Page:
One Panic Treatment Basic that Even Your Therapist Might not Know

Panic attacks & deep breathing

Panic has a secret ally. Although beneficial in many different contexts, this ally has the potential to dramatically increase your symptoms of panic and anxiety.

If you have panic disorder or suffer from panic attacks, chances are you might be inadvertently doing one simple thing that is making your panic attacks and anxiety worse. You might have even learned this strategy from your therapist.  Although beneficial in many different contexts, when used inappropriately, this technique has the potential to dramatically increase symptoms of anxiety and panic.

The technique in question? Deep breathing.

What is deep breathing?

Deep breathing, or diaphragmatic breathing, is a core coping skill taught by many excellent therapists of diverse theoretical orientations. It is a technique that has a long and revered history in the field of psychology due to its anxiety-reducing (anxiolytic) effects. Used alone or when combined with other strategies, such as visual imagery or progressive muscle relaxation (PMR), deep breathing can be a potent aid to relaxation. It is applicable to a wide range of stressors, requires no equipment aside from what you carry around with you in your head, and can be brought to bear quickly and discretely at work, school, or any other place you might need it.

As such, deep breathing is a powerful technique to have in your coping toolkit.

In addition to being useful for managing anxiety, proficiency in regulating your diaphragm also increases your vocal control, which helps you sound more confident when speaking. It is this vocal control that gives public speakers and opera singers alike the ability to better regulate vocal tone, exert vocal power when needed, and (in the case of the opera singer) sustain notes over long intervals.  Prior to being formally trained in diaphragmatic breathing (deep breathing), most people have only a limited sensory awareness of how to properly control the diaphragm muscle and regulate their breath.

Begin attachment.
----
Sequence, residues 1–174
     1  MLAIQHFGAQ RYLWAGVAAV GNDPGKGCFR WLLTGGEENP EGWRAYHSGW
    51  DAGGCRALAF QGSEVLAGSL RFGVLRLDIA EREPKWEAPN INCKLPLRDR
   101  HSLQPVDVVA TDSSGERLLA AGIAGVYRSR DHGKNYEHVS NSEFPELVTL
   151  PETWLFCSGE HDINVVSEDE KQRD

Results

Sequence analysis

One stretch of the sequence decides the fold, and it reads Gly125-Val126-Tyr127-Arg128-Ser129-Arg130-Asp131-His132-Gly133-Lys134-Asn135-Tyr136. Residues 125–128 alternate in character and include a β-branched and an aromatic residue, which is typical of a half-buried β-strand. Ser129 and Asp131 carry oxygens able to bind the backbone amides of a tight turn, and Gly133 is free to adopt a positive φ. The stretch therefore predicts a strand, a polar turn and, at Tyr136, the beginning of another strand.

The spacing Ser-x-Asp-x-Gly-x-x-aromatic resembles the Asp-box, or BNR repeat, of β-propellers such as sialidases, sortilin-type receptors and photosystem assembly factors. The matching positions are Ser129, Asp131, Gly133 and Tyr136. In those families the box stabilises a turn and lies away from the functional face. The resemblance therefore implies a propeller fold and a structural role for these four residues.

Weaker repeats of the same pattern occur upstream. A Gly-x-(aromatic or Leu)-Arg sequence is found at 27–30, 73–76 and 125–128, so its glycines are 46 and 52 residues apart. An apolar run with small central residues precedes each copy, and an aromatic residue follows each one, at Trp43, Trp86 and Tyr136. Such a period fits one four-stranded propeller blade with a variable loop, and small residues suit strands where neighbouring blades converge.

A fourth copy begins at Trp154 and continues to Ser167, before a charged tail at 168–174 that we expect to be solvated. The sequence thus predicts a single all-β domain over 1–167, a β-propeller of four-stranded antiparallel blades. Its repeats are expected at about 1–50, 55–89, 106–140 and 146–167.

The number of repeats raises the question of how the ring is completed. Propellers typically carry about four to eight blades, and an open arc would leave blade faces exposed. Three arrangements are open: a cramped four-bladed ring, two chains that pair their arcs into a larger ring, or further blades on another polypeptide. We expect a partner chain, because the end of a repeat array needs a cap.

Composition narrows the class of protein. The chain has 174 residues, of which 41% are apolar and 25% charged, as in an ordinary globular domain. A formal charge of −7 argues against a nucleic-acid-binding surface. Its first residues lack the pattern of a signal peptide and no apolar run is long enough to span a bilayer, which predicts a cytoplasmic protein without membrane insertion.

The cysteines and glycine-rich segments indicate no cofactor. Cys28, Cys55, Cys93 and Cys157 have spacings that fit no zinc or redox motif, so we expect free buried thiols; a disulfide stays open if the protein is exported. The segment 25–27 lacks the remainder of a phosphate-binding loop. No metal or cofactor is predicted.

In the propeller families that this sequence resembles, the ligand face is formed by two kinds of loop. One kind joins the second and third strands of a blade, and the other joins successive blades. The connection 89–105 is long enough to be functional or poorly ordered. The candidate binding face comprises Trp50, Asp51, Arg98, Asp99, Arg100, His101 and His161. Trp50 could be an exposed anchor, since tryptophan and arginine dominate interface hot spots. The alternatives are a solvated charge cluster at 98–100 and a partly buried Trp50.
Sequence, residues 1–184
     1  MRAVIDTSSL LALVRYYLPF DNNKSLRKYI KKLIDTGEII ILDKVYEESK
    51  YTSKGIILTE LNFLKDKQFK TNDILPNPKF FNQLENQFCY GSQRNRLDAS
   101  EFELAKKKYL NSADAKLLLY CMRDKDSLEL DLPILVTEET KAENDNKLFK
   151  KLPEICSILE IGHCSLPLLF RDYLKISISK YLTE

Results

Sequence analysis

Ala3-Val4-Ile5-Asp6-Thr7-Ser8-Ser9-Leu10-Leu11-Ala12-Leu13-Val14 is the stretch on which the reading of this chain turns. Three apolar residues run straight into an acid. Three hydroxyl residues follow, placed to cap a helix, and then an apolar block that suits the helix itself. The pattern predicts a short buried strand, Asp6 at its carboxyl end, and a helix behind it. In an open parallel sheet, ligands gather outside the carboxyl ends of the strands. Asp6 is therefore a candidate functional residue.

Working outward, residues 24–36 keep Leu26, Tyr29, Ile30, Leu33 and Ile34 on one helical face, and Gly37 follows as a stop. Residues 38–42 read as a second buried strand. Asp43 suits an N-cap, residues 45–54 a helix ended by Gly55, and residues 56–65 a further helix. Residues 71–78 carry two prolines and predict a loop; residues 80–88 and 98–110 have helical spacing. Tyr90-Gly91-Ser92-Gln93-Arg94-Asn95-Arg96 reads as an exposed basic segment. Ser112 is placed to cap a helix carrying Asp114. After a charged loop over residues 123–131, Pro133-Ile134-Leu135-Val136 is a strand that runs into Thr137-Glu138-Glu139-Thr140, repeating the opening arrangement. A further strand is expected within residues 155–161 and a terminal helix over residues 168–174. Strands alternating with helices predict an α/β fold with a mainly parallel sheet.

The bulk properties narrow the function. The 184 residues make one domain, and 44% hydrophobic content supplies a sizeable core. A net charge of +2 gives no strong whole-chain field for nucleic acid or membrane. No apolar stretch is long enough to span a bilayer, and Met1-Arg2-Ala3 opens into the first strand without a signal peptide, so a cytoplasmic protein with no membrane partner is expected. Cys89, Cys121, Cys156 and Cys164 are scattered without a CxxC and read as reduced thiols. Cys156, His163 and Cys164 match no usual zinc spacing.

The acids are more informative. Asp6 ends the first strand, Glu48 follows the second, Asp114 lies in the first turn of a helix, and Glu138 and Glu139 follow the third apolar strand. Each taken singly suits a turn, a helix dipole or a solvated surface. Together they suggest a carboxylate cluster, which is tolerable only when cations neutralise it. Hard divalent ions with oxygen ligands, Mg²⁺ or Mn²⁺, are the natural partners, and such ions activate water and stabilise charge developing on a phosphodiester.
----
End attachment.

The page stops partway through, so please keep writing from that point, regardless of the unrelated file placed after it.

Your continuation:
When asked to breathe deeply, most untrained individuals intuitively raise their shoulders in an effort to draw in more air. This strategy actually results in shallow, inefficient breaths because it doesn’t allow the diaphragm to lower properly and create room for lung expansion. For deep breaths, your belly should expand downward and outward (rather than upward and inward).  This is the type of breathing you naturally use when you’re sleeping or lying on your back.  For additional guidance on deep breathing, ask your therapist (or vocal coach!) to teach you the basics; remember, however, that lots of practice is necessary to gain greater breath control. As always, I am available for consultation and treatment in West Palm Beach, Palm Beach Gardens, Jupiter, Fort Lauderdale, Miami, and other South Florida communities for any panic attack- or anxiety-related issues.

Deep breathing sounds innocent enough. How could it possibly worsen panic?

The answer boils down to physiology.

When you take rapid deep breaths (or hyperventilate), you disrupt the delicate balance of oxygen and carbon dioxide in your bloodstream.  Carbon dioxide (CO2) levels plummet because you are expelling more carbon dioxide than you are producing.  These decreased CO2 levels raise your blood’s pH (and make it more alkaline), which causes the blood vessels supplying your brain to constrict.  This limits the amount of oxygen and other nutrients that are able to cross the blood-brain barrier and reach your brain.

Side effects of this physiological process include dizziness, lightheadedness, tingling, and suffocating sensations.  When most people experience these types of symptoms, they tend to breathe even more rapidly to “get enough air”…which actually increases symptom intensity.  Thus, rapid deep breathing can set off a self-perpetuating positive feedback loop that can worsen symptoms or cause full-blown panic attacks.

If you pay close attention to the way that individuals with panic breathe, you might observe some abnormalities.  Try to notice the quality of their breathing and the pace of their breaths.  Do they sigh more?  Take more labored breaths?  Expel air forcefully when they exhale?  Over-regulate their air intake?  Although these characteristics don’t affect most people with panic attacks, these learned behaviors do affect a small number of people with panic and often take concerted effort to change.

If your therapist hasn’t shared information about the dual nature of deep breathing with you, cut them some slack.  Deep breathing remains a core component of many panic treatment protocols and is included in even the newest revisions of some very popular panic workbooks.  However, many newer protocols are now advocating an approach called “paced breathing” which includes instructions for limiting the number of breaths you take per minute in order to avoid hyperventilating. Other strategies utilizing biofeedback are also getting some recent empirical attention, due to the promise they hold for teaching individuals with panic to self-regulate their breathing.

Next time you have a panic attack, consider resisting the urge to “take a deep breath.”  If you do decide to take that breath, you might unwittingly unleash additional symptoms on yourself and kick your panic into overdrive.

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